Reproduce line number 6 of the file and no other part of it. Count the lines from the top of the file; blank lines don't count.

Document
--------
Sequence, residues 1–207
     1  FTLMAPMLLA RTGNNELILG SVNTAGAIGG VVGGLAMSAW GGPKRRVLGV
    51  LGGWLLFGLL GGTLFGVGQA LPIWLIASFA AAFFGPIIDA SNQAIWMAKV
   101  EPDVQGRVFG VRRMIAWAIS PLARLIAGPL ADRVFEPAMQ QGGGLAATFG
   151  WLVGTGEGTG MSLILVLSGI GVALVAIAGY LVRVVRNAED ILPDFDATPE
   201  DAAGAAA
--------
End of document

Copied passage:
   201  DAAGAAA